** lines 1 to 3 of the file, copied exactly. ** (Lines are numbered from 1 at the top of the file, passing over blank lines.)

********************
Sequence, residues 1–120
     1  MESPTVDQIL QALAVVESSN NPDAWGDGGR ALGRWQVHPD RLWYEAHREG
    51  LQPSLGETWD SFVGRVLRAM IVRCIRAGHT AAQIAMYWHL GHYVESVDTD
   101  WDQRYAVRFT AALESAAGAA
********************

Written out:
Sequence, residues 1–120
     1  MESPTVDQIL QALAVVESSN NPDAWGDGGR ALGRWQVHPD RLWYEAHREG
    51  LQPSLGETWD SFVGRVLRAM IVRCIRAGHT AAQIAMYWHL GHYVESVDTD